Dr Simrit Kahlon
After three days of breathless media speculation, the Prime Minister of Pakistan, Nawaz Sharif, has finally accepted the invitation to attend the swearing-in of the Narendra Modi, the Prime Minister of India (designate). One can now expect a short respite in the evening news before the endless debate on the outcome of the visit overwhelms the collective psyche of the nation. Once again this small, poverty stricken, decrepit nation has stolen from us a precious moment in our democratic history and placed itself centre stage.
Why can we not treat the entire matter as a routine courtesy extended by one head of state to another and leave it at that? To expect any tangible outcome from this short visit amounts to living in a fool’s paradise; why look into it for anything more than a brief social interaction?
The phobia of Indo-Pakistan relations is not restricted to India alone. There are many in Pakistan who would go to any lengths to scuttle any such interaction at the political level. This time round, their disruptive attempt manifested itself in the form of an audacious attack on the Indian consulate in Herat, Afghanistan.
There is no need to discuss or speculate on the identity of the perpetrators of this heinous attack. There is no doubt about the hand of Pakistan Army’s spy agency, Inter Services Intelligence (ISI) in this heinous act. It could have been engineered with the support of the Lashkar-e-Toiba, the Haqqani network, the Afghan Taliban or all three joined together; after all, the ISI enjoys an enduring relationship with all three and has the luxury to take its pick.
To blame the ISI in totality is also incorrect! The ISI does what its parent organisation, the Pakistan army, tells it to do. It may have certain autonomy in its tactical functions and nefarious covert activities, but at the end of it all, it only obeys the missive of the military leadership. It is for this reason that the points-men for the ISI, the faces in Pakistan’s society who articulate the line followed by the spy agency, are high ranking officers of the Pakistan Army both serving and retired.
Even when the US was grappling with the tragedy of 9/11 the then chief of ISI, Lt General Mahmud Ahmed said on record to state that Mullah Omar is a “religious man with humanitarian instincts, not prone to violence.” Is there a need any more to speak on the ISI-Taliban nexus? A recent video produced by Stave Baknar for the BBC emphasises that Pakistan always maintained an agenda of keeping the Taliban alive to fight another day. The video contains an interview by the Taliban ambassador to Pakistan in which the former states that he was visited by Lt General Mahmud Ahmed and assured that Pakistan would continue to support the Taliban in its Jihad as it had done earlier; this when the country was getting ready to become a partner with the US and the NATO forces in the global war against terror.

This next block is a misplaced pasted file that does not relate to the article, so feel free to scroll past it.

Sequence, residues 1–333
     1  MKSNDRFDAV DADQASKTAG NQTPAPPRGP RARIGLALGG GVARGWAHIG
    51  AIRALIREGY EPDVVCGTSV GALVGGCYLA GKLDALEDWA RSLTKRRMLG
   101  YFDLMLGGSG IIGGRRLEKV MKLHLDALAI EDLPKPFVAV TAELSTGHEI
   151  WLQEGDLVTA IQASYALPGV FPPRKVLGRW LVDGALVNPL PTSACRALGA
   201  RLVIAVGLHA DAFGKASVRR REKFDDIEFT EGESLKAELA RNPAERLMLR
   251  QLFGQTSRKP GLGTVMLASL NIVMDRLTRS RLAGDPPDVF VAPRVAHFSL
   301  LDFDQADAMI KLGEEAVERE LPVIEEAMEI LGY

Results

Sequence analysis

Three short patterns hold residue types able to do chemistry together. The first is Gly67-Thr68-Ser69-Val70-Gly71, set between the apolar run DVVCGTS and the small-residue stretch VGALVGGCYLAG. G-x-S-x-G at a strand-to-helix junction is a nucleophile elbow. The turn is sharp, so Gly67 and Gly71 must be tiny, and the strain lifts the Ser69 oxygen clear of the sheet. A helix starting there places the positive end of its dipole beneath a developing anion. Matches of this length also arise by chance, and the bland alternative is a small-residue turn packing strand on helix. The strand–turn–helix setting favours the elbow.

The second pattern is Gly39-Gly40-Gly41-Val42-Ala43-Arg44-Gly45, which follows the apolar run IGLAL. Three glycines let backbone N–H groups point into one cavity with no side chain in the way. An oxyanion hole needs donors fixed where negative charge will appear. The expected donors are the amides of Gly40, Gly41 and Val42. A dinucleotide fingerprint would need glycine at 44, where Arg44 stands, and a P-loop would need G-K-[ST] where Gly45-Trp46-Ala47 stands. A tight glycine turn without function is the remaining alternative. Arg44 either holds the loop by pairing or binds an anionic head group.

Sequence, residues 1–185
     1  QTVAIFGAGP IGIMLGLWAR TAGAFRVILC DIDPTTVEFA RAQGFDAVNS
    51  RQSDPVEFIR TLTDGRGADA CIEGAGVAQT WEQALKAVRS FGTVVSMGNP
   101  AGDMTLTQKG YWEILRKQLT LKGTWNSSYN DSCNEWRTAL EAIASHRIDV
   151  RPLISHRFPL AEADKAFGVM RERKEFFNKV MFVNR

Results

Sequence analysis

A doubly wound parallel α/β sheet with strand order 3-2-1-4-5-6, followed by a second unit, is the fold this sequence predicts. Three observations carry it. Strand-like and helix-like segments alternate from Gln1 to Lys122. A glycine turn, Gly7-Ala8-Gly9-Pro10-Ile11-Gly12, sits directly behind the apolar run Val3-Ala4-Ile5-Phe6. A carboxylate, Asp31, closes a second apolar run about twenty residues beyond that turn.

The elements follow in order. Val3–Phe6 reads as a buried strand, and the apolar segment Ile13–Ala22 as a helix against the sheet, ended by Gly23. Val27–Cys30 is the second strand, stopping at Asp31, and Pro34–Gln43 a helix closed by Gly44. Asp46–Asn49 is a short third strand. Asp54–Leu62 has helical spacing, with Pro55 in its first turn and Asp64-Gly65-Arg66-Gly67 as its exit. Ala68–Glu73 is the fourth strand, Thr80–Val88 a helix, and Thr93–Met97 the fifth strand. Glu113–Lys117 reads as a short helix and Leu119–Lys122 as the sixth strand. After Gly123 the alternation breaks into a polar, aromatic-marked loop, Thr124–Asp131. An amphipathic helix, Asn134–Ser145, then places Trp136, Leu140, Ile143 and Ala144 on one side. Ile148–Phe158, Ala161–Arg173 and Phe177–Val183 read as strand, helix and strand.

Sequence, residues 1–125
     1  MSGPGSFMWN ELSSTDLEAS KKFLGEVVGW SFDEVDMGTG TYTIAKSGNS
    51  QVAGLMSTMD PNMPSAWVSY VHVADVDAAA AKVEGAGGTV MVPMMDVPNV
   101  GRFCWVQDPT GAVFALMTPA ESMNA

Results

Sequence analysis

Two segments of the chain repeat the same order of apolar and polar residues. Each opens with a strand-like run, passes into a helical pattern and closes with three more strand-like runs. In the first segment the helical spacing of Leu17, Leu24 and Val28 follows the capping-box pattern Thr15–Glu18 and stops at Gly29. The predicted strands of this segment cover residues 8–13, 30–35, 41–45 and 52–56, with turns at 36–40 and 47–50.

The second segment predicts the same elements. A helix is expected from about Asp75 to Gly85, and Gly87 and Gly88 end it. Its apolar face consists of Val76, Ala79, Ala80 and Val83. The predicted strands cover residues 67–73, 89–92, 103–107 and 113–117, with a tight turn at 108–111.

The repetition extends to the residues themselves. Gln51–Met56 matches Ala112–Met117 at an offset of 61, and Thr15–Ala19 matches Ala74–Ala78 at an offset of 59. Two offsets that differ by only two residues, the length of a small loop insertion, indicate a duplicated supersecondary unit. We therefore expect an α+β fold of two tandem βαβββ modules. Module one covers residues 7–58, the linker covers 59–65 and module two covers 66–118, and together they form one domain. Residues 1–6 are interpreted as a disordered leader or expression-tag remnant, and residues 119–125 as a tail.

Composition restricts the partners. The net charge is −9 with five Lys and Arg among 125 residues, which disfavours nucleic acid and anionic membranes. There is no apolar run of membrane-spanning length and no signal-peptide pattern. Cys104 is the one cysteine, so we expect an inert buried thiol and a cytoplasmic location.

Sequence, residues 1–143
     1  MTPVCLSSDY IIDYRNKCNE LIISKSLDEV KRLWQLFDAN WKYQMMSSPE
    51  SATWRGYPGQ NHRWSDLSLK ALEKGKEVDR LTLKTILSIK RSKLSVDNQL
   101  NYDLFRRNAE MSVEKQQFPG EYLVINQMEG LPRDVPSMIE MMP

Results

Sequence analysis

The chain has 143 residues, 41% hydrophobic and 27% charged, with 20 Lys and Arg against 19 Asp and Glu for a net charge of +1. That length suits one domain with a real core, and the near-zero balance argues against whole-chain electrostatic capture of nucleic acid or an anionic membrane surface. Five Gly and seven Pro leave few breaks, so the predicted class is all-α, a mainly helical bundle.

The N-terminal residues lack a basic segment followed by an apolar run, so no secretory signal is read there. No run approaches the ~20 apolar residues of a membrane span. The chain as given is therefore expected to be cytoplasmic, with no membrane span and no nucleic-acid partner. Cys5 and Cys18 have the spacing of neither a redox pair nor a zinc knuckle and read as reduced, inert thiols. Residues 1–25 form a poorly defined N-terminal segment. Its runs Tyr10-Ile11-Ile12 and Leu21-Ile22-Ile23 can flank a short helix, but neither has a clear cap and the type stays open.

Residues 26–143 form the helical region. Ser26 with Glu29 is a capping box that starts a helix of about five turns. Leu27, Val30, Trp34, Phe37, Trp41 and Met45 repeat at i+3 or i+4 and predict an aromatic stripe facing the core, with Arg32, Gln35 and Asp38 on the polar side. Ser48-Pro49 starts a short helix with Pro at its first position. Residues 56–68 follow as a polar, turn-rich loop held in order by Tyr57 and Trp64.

Today the Taliban and the religious fundamentalist line is being articulated by very senior retired Pakistan army officers like General (R) Mirza Aslam Beg, former army chief and Lt General (R) Hamid Gul, former head of the ISI. Both officers are the frontrunners in a string of other officers who show open allegiance to the Taliban. It can be said with a reasonable amount of surety that they are being financially supported in the tune of millions of dollars for their efforts. For this purpose, there is no source other than Narco-dollars that form the secret fund of the ISI.
While the international terrorist offensive was going on to dissuade Nawaz Sharif from his “misadventure” of visiting India, back home he was facing an uphill task of convincing his masters – the Army and the militants. Finally, good sense prevailed with the Army and the fundamentalist forces giving in to the inevitable of bowing to a bigger power, but only after an exhibition of their strength in Pakistan.
So Nawaz Sharif accepted the invitation and the media in India went into raptures. Nawaz Sharif is now being feted as a strong leader who stood up to the might of the fundamentalist and military forces to get to do what he wants to do. The coming days are being forecast as a new beginning in Indo-Pakistan relations due to the statesmanship of two strong leaders.
The acceptance of Nawaz Sharif to attend the function cannot be seen as an exhibition of his strength. It is the backdoor negotiations that he was compelled to carry out with radical forces in his country to reach to this decision that are of significance. They indicate his weak position in the political landscape of his country. Would the Prime Minister of India take anybody’s permission before accepting an invitation of this nature, least of all the Indian army? He may take advice but will decide by himself. Not so for Nawaz Sharif.
Even as the Pakistani Prime Minister packs his Armani suits terrorists like Hafiz Saeed are on the air castigating his decision. Pray in what capacity are they making such statements? Why has the Pakistan government not clamped down on them? When Nawaz Sharif gets back he can expect a whipping from his “mentors” for having played truant.
There is no reason to be optimistic let alone euphoric about this visit. The best option for Narendra Modi is to be courteous to Nawaz Sharif and his delegation; talk about his suits, the weather and things like that, wish him well and have him escorted to his aircraft with some choice Indian mangoes and Gujarati Dokhla as return gifts.
In the meantime, the Indian army along the line of control and the border needs to brace itself for the onslaught of ceasefire violations and infiltration bids that will come in the wake of this visit. Disruptions of normal life and an increase in terrorist activity will also be seen in the Kashmir valley. This will be the only “outcome of the visit”.